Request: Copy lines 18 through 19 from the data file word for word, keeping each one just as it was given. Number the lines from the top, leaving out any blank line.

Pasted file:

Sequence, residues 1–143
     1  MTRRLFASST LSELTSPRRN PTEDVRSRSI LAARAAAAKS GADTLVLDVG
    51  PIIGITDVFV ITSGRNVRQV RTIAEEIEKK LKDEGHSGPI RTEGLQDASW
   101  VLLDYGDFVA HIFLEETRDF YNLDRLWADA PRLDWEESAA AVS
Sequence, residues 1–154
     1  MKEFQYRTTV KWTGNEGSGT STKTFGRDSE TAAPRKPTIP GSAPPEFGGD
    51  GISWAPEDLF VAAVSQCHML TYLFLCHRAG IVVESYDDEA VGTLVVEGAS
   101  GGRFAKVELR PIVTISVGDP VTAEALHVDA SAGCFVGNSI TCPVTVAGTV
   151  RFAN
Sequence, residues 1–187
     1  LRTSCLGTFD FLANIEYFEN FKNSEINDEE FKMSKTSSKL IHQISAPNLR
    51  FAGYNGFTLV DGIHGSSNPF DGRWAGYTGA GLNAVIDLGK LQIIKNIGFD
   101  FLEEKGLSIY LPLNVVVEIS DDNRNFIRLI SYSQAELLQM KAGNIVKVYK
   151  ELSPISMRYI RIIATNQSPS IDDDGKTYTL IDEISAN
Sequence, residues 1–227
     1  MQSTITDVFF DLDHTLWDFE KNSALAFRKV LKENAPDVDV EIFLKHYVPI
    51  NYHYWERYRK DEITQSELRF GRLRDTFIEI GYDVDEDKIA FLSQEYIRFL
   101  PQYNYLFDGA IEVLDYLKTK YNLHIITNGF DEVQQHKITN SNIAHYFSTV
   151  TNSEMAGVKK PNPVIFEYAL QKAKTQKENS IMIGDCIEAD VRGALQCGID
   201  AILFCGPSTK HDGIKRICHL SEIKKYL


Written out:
   101  PQYNYLFDGA IEVLDYLKTK YNLHIITNGF DEVQQHKITN SNIAHYFSTV
   151  TNSEMAGVKK PNPVIFEYAL QKAKTQKENS IMIGDCIEAD VRGALQCGID